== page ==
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"Some ecosystems are more sensitive than others," said Barbara Scudder, the lead USGS scientist on the study.
All but two states -- Alaska and Wyoming -- have issued fish-consumption advisories because of mercury contamination. Some of the streams studied already had warnings.
"This is showing that the problem is much more widespread," said Sonya Lunder, a senior analyst for the Environmental Working Group, which has pushed for stronger advisories on consumption of mercury-laden fish and controls on the sources of mercury pollution. "If you are living in an area that doesn't have a mercury advisory, you should use caution."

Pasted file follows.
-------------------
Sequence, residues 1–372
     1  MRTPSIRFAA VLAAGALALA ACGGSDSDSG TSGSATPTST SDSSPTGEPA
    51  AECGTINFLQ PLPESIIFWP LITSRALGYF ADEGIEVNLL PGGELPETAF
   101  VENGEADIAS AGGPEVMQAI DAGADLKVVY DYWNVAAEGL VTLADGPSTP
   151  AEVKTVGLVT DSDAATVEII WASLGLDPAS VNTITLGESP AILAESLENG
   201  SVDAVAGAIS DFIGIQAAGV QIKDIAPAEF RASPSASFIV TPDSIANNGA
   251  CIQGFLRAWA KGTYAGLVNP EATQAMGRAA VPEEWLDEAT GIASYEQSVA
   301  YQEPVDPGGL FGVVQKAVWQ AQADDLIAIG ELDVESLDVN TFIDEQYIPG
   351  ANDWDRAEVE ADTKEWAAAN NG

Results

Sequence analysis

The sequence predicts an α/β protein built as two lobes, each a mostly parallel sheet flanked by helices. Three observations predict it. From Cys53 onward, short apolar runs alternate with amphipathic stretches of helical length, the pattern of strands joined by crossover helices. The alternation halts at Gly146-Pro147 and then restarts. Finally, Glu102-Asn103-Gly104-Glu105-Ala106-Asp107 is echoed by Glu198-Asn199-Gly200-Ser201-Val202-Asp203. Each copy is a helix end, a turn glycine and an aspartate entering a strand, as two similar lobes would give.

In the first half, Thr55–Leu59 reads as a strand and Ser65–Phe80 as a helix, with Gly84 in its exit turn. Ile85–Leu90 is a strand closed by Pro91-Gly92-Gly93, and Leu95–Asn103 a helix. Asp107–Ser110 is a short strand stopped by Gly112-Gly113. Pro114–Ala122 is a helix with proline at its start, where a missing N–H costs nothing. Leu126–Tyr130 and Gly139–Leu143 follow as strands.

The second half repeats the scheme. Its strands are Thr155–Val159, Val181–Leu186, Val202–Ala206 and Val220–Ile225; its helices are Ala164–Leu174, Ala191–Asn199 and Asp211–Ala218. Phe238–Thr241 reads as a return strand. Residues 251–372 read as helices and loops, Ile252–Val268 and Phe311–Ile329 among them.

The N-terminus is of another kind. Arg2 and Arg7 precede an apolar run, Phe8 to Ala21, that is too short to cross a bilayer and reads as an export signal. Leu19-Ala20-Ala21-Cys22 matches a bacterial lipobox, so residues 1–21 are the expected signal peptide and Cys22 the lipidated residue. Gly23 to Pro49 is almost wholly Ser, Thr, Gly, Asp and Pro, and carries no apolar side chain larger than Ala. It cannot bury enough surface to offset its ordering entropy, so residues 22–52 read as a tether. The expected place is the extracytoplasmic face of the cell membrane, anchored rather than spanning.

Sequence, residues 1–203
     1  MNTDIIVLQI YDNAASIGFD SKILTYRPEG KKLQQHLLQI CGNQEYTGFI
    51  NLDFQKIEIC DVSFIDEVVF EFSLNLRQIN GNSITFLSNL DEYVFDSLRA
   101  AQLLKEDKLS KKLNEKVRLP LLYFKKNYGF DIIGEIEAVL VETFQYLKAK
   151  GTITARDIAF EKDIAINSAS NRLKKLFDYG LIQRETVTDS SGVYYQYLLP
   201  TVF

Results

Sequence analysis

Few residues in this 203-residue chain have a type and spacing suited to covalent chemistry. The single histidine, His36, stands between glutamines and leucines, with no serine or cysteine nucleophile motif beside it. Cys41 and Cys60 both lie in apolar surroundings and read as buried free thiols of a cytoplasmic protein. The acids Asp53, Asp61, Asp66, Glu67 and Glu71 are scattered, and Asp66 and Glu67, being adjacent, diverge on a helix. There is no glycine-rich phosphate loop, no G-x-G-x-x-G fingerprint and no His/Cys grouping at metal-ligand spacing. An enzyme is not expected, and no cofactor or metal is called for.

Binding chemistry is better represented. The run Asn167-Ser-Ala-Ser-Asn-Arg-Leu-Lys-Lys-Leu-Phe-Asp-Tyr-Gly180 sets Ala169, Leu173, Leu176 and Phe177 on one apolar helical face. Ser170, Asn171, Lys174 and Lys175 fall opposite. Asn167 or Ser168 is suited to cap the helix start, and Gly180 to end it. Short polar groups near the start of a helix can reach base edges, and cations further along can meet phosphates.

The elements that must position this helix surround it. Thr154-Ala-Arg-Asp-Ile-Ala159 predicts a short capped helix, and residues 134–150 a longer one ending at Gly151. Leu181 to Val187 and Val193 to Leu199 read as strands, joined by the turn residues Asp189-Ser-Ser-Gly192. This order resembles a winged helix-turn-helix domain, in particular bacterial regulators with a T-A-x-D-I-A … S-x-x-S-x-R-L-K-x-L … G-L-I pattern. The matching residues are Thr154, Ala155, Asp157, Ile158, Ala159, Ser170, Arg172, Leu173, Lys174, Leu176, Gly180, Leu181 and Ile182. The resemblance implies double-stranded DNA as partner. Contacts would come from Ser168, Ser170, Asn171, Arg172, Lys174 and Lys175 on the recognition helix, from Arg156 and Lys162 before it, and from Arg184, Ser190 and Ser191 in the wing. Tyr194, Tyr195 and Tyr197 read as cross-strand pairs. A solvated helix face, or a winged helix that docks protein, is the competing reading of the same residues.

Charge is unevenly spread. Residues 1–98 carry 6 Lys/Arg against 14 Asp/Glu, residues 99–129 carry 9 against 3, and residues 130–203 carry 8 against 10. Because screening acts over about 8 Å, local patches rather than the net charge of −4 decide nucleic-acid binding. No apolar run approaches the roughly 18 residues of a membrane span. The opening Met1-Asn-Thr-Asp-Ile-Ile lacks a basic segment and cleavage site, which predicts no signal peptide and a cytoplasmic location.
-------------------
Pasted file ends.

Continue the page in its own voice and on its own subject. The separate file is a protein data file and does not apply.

Earlier this year, the Obama administration said it would begin crafting a new regulations to control mercury emissions from power plants after a federal appeals court threw out plans drafted by the Bush administration and favored by industry. The Bush rule would have allowed power plants to buy and sell pollution credits, instead of requiring each plant to install equipment to reduce mercury pollution.
The EPA also has also proposed a new regulation to clamp down on emissions of mercury from cement plants.
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